SOUTHERN Downs voters could find out who their new mayor is well before the sun comes up on Sunday - and possibly before midnight on Saturday.
Returning officer Garry Adcock was yesterday crossing his fingers for an early result, despite some candidates voicing concerns about a lack of vote-counting staff.
Mr Adcock, who will oversee the counting in the Warwick Town Hall from 6pm tomorrow, said he was confident his staff would be able to count sufficient mayoral votes on Saturday to give "at least a strong indication" of who is the frontrunner for the region's top job.
With a full postal ballot this election, Mr Adcock expects close to three-quarters of votes to have been received by today, with the rest able to come in next week.
Mayoral votes will be counted first, starting on Saturday night, and counting will continue on Sunday, with votes still able to be counted if they come in before Tuesday, May 8.
Mr Adcock yesterday would not put a time on when his polling staff would pull up stumps tomorrow night, saying they would make a call based on how their eyes were faring.
"If everything goes according to plan we are hopeful that we'll have a result for mayor on the night, or at the very least a good indication," he said.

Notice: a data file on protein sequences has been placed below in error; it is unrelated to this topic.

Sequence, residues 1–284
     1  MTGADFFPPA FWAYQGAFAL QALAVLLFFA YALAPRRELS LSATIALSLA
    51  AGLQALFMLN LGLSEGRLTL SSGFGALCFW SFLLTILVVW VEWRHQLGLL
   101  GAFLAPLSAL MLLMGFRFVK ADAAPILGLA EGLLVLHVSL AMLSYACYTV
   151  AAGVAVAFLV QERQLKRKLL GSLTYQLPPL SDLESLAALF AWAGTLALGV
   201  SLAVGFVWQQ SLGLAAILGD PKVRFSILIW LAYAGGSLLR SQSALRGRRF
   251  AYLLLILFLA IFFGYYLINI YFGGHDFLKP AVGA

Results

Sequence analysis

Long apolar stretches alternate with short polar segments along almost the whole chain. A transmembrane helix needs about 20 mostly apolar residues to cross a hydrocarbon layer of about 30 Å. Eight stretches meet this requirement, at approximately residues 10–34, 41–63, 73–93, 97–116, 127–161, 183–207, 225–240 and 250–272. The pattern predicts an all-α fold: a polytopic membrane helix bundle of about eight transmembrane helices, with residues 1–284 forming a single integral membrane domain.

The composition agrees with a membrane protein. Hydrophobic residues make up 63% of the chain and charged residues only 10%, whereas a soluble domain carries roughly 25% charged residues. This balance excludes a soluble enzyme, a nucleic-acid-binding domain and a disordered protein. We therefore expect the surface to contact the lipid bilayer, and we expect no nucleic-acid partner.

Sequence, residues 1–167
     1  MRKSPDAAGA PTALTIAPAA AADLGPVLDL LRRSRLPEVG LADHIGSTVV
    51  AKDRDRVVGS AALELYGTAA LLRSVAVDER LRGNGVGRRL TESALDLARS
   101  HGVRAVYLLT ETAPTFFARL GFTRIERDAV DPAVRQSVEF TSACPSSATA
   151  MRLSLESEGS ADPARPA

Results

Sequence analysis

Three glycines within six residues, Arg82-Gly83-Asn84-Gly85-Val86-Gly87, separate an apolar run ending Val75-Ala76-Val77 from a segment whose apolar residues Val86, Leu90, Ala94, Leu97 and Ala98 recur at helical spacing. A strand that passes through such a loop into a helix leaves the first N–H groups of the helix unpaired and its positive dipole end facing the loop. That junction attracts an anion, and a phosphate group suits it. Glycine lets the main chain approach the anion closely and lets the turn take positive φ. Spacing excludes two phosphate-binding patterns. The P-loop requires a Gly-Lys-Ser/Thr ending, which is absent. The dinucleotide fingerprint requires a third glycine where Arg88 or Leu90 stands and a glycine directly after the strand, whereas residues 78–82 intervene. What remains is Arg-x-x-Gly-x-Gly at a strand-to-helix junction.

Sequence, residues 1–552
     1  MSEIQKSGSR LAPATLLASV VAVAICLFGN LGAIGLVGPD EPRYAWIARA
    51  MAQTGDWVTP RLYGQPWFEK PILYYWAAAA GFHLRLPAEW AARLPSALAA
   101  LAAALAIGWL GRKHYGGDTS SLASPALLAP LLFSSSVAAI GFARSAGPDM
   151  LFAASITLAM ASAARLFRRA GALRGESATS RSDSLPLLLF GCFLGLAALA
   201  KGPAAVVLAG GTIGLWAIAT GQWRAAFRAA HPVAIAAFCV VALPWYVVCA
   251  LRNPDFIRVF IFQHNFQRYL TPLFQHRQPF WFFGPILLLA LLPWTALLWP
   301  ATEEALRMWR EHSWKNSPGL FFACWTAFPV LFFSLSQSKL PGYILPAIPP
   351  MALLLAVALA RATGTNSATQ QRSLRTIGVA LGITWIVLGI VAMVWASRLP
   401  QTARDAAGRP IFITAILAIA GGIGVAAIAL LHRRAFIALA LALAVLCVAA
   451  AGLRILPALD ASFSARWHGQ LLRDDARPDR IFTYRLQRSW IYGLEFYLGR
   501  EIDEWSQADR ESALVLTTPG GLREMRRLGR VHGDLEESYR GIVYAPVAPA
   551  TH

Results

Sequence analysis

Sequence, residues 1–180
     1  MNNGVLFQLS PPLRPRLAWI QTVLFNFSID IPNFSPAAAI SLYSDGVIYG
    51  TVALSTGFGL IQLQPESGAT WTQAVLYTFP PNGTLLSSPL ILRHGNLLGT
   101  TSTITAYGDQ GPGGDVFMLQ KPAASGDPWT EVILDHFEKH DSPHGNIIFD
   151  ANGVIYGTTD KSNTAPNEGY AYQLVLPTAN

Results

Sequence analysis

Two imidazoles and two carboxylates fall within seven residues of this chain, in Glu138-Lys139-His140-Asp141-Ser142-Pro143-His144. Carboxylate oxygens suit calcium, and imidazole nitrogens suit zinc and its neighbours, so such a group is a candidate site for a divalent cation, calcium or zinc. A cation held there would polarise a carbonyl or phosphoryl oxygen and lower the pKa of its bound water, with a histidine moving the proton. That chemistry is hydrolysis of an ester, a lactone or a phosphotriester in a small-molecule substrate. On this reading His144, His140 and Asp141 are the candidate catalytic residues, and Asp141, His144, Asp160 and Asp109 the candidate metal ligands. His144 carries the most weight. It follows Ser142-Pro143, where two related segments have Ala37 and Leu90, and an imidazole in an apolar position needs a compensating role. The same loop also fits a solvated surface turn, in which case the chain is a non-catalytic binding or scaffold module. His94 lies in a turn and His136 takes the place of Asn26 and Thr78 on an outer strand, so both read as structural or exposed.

"We'll knock off when we feel we're getting too tired and we'll probably start counting again around 8am on Sunday."
As of yesterday 12,000 out of about 23,000 votes issued had been returned, with Mr Adcock looking for between 4000 and 5000 more to come in today.
"If we get around the 5000 mark (today) then we'll have close to three-quarters of all votes issued," he said.
Votes can still be posted after Saturday, but the return envelope must be dated no later than today.
As reported earlier this week, up to 8% of votes returned as of last Friday had been rejected due to the flap on the return envelope containing voter details having been removed by some electors.
Mr Adcock said as a result of awareness being raised with those still to vote, this figure had dropped to about 3.5% as of yesterday.
Had the informal rate continued close to 2000 votes could have been declared null and void.